India: at the junction of recovery and growth
In an otherwise challenging and often bearish investment landscape, India is the only large accessible economy that is projected to grow at 7 per cent or more for a foreseeable future. Unlike China, which for many years economists have emphasised should shift from an export-centric model to a more self-contained economy, India has been an economy sustained by its own consumption.
Below, we highlight what a roaring Indian economy might mean for investors.
• Underleveraged: Due to its relatively low debt levels, India can increase debt issuance with ease, thereby accelerating growth without running into the risk of excess debt levels. In 2015 domestic credit to the private sector (percentage of GDP) stood at 52.6 per cent for India, compared to 153.3 per cent for China. This reflects China’s years of rising debt and state-driven investments, which have created excess capacity in several sectors.
• Demographics propelled: By 2050, India’s workforce (that is, people between 15 and 59 years old) is expected to have grown from the current 674 million to a staggering 940 million. To put this into perspective, the US workforce will be a little over 200 million in 2050 at its current rate and China is likely to be facing a shrinking workforce. This will potentially drive up labour costs in China – which would be a dent to its competitiveness.
• Consumption driven: Juxtaposing India’s favourable demographics with its consumption expenditure, it’s no surprise that India’s 60 per cent consumption expenditure to GDP ratio is much higher than the 39 per cent of China. This indicates an economic model that is hugely influenced by local consumption, with greater potential insulation from global headwinds.
Participating in the growth of India
Unlike China, India’s growth is, to a great extent, fuelled by its fast-growing middle-class and internal consumption. When we combine these consumption numbers with burgeoning demographics, we get an economy that we believe offers unparalleled growth potential.
Another key element to India’s growing economy is that the Modi government has been gradually opening various sectors of the economy to foreign investors. Areas like Construction Projects, Cable Networks, Agriculture and Plantation (coffee, rubber and palm oil, etc.), Air Transportation (non-scheduled and ground handling) are now allowed to have 100 per cent Foreign Direct Investment (FDI).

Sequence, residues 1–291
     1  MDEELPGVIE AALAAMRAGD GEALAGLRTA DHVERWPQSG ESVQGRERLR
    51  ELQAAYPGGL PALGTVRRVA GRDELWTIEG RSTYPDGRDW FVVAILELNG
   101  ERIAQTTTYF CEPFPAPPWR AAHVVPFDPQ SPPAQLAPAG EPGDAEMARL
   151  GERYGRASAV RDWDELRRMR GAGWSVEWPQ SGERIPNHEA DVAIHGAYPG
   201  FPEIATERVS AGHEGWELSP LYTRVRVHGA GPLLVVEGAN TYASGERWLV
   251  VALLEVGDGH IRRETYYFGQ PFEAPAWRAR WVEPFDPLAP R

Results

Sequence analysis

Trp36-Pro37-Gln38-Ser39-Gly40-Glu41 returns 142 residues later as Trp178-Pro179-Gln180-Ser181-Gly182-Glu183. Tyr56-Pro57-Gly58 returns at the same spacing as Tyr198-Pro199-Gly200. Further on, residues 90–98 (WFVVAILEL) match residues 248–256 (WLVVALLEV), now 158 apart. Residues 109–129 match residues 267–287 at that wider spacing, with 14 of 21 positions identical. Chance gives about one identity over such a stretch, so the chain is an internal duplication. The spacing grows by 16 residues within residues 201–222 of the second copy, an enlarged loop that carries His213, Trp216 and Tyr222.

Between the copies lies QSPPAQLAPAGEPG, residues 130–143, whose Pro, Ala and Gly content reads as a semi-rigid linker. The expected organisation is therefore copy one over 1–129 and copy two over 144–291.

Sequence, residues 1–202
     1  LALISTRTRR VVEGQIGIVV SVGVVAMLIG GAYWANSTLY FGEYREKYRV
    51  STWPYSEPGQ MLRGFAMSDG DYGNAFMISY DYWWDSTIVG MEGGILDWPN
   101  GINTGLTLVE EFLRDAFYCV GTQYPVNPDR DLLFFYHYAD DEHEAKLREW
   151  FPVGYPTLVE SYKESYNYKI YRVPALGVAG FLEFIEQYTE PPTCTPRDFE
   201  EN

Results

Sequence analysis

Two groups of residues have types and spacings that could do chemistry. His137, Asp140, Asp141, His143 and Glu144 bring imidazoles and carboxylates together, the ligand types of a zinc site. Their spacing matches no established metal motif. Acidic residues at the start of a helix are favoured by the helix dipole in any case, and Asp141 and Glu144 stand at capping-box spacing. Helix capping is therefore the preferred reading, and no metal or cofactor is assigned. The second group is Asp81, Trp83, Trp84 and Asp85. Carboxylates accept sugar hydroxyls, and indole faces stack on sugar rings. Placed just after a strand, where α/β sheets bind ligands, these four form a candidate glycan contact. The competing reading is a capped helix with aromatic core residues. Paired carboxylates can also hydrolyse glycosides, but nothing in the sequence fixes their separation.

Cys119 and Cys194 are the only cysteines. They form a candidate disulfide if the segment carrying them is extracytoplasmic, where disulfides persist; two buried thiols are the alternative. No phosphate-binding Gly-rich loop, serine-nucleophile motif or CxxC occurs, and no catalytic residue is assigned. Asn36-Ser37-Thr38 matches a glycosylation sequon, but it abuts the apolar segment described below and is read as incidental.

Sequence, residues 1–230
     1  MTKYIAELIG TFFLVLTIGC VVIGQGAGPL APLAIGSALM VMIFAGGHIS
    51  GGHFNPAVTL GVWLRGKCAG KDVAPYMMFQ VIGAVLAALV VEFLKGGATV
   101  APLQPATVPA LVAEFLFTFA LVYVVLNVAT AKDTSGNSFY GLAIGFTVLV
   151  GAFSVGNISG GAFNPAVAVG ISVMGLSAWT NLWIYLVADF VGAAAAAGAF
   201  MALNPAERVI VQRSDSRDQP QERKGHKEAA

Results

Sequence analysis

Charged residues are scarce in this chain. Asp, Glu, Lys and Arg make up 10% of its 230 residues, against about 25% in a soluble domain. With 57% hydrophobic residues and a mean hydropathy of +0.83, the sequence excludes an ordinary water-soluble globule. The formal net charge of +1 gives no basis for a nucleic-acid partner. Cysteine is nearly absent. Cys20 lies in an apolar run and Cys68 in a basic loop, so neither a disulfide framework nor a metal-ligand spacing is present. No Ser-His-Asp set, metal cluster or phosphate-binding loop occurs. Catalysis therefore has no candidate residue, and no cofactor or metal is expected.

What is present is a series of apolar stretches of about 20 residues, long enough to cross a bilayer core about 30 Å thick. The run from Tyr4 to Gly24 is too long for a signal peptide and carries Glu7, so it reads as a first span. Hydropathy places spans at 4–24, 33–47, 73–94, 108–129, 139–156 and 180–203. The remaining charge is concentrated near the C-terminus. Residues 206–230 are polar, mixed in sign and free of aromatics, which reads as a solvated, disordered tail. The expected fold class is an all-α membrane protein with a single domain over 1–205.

Other sectors like Defence and Broadcast have been allowed, for now, an increase to 49 per cent in FDI. We believe this creates opportunities for investors to invest in sectors that were earlier not accessible.
The Modi government is also in the process of implementing what could be the single biggest tax reform under the ‘Goods and Services Tax’ or GST bill. Under this taxation scheme, all states and central taxes would be combined to create a consistent tax structure across the entire country, converting the whole nation into one marketplace. Several other key reforms on boosting consumption, infrastructure spending, debt recovery for banks, etc, are also in the process of being implemented.
India is at a crossroad
Strategically India has strong growth potential, but what about tactical opportunities? From a monetary policy standpoint the Reserve Bank of India (RBI), after having successfully fought inflation from highs of 11.51 per cent YoY as of November 2013 to its current lows of 3.41 per cent as of December 2016, has engaged in consecutive rate cuts to spur growth. It is noteworthy that the Sensex, India’s leading index, has delivered double-digit annual returns after a lag, following the last two rate cut cycles by the RBI.
The country is at an interesting crossroad where leadership is pro-actively taking tough reforms for long-term growth. Two pillars of the Indian economy, that is consumption and demographics, have encouraging projected growth numbers.
What we see right now in India is the following:
1. Policymakers are not shy of taking bold steps and opening the economy
2. A central bank that successfully fought inflation is now supportive of growth through lenient monetary policy
3. We have a global macro environment that is not disruptive of growth in India, and
4. Financial planning that is accelerating consumption, infrastructure and digitisation.
We believe that investors interested in emerging markets who hold an overweight position in Indian equities (which are right at the junction of recovery and growth) will benefit from long-term growth
Gaurav Sinha is an asset allocation strategist at exchange traded product provider Wisdom Tree